Independent foodbanks are giving out more than 13,000 emergency food parcels a week as demand soars during the coronavirus (Covid-19) pandemic, data shows.
Some 340,994 three-day food parcels were distributed by 189 independent foodbanks in the UK between April and September, according to the Independent Food Aid Network (IFAN). This is the equivalent of 13,043 parcels a week – or 1,863 a day.
IFAN expects the number to pass half a million before the end of the year, with demand continuing to rise and an anticipated spike expected in the run-up to Christmas.
The network surveyed 134 independent foodbanks about their activity in 2019 and during the pandemic, and received data from an additional 55 foodbanks from April. This represents less than a fifth of the 961 known independent foodbanks and does not include those run by the Trussell Trust – meaning the true scale of food poverty will be much higher.
Recent Trussell Trust figures showed its network of 1,300 centres distributed more than a million parcels in the six months to September.
The IFAN data shows that overall, 426,958 three-day food parcels were distributed between February and October by the 134 foodbanks – an 88% rise from last year.
The number of emergency food parcels given out soared during the first lockdown, before falling slightly over the summer.
In April and May there was a 156% and 155% rise in the number of food parcels distributed compared to the same months in 2019. This figure then dropped between July and September, but was still on average 70% higher than the same period last year.
Since October, demand has crept up again with foodbank managers anticipating a steep rise before Christmas as families struggle to meet additional costs.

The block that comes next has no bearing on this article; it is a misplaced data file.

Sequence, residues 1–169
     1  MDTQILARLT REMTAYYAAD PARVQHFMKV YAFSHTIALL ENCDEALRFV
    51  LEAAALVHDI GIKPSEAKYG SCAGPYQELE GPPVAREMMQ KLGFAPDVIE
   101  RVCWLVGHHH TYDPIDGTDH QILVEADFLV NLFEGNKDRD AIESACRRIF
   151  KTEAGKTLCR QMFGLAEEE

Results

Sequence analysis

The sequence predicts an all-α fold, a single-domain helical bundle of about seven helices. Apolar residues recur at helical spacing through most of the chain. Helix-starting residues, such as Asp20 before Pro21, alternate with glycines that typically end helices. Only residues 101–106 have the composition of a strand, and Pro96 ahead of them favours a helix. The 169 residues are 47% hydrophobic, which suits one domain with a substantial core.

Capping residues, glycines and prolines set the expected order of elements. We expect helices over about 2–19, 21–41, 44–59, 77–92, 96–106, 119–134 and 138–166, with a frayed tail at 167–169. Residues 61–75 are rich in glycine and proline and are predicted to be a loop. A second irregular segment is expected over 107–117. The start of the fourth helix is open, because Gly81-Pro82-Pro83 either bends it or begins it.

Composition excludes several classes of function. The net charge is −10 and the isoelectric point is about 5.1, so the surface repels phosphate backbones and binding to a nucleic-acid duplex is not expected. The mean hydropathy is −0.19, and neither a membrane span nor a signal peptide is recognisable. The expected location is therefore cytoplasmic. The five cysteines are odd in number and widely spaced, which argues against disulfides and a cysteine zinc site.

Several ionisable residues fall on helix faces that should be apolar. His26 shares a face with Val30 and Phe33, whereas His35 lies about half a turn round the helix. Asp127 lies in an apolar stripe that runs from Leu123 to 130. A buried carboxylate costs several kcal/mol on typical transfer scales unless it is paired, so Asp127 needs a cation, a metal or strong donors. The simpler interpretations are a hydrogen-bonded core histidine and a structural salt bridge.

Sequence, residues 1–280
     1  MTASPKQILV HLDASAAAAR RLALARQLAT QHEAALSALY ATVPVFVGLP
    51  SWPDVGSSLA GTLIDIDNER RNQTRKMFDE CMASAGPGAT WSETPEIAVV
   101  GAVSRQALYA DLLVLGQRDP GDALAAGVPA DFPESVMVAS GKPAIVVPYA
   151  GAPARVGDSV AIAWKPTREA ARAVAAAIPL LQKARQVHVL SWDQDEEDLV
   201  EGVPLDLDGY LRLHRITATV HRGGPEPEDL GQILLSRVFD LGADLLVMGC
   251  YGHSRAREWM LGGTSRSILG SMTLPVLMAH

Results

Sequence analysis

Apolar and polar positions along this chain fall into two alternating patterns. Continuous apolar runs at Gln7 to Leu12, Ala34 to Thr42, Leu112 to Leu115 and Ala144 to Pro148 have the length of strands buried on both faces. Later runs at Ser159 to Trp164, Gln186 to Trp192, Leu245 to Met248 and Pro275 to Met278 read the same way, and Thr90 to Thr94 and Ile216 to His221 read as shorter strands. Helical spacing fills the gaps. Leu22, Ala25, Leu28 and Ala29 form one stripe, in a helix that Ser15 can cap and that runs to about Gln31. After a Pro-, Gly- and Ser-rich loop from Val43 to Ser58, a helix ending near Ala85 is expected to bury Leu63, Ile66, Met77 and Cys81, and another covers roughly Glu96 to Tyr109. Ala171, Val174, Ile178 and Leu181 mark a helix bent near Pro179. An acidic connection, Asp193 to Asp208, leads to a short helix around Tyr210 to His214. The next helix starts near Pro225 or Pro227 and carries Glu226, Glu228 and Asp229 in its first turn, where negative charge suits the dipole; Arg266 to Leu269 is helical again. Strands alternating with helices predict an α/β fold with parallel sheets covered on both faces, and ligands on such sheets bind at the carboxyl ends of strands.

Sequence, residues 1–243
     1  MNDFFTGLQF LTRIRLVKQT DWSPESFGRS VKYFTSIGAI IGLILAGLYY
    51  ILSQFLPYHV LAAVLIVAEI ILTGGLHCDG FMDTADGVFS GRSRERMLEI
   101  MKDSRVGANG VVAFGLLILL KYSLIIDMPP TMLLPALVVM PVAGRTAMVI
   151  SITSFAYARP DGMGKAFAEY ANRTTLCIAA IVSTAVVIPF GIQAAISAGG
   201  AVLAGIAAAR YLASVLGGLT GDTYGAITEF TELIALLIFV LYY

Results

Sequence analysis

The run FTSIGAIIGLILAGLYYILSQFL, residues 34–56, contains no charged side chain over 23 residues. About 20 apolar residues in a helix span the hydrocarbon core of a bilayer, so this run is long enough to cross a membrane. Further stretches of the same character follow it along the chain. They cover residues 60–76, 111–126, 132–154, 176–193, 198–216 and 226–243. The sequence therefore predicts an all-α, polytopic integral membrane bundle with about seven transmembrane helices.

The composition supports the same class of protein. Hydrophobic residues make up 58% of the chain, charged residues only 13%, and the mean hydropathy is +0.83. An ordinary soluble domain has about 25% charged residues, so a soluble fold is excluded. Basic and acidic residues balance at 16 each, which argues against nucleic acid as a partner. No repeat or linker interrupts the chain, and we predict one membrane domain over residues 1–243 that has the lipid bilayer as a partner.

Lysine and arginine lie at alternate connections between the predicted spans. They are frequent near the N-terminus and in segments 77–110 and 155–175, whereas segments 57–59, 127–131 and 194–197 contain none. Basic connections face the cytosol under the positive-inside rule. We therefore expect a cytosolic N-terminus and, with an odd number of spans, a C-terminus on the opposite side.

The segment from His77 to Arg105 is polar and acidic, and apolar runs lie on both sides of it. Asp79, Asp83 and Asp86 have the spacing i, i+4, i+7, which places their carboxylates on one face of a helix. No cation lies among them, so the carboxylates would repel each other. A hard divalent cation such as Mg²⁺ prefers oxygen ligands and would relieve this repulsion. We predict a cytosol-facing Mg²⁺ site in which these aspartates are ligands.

More people to help
Foodbanks are seeing more families needing help, including the newly unemployed and those on benefits who cannot afford essentials.
People who managed to keep afloat during the summer are now struggling to pay high energy bills that come with heating their homes, IFAN said. Foodbanks are also seeing people who have been struggling for some time but have resisted coming forward.
The most common reason for need was people’s benefits being insufficient to enable them to afford food, according to 51 organisations running 125 foodbanks which recorded reason of use.
In September, 92% of these foodbanks said this had affected 10 or more people who they had helped that month.
Some 63% of the foodbanks cited changes to existing benefits causing a delay to payments in at least 10 people helped that month, and 65% said demand was from people who are newly unemployed and waiting for Universal Credit.
There is also an increasing need among people who are living in poverty despite being employed. More than half (51%) of the foodbanks said this was a factor in at least 10 people they helped in September.
The lowest paid families
A government spokesperson claimed:
We have always been committed to supporting the lowest-paid families.
That’s why we have provided billions of welfare support this year, including the £170 million Covid Winter Grant Scheme to help children and families stay warm and well-fed during the coldest months, and a further £16 million funding for food distribution charities.
Charlotte White, manager of the Earlsfield foodbank in south-west London, said it is currently helping between 90-100 households per week, up from 20-25 this time last year. She said:
Of this increase, the majority are people who have never used food banks before and we’ve noticed a significant increase in households with children. Many people are coming to us because of delays or problems with benefits or Universal Credit, and we’re also seeing a big increase in people with low income – often zero-hour work.
We can give people food but food poverty is a symptom of the problem, not the cause. Until we tackle the underlying structural problems, the situation will worsen.
IFAN co-ordinator Sabine Goodwin said:
Independent food banks are picking up the pieces yet again as more and more people struggle to pay the bills. There needs to be a realisation that we cannot continue to provide an emergency response to a long-term crisis.
The Government’s £170 million funding has huge potential to support people through a ‘cash first’ approach and the provision of cash payments by local authorities instead of food bank referrals.
But ultimately it’s the social security system and the payment of adequate wages that need our attention to end food poverty for good.
IFAN is calling for the government to make the £20 uplift to Universal Credit permanent, remove the benefit cap, and end the five week wait before people can receive their first Universal Credit payment.
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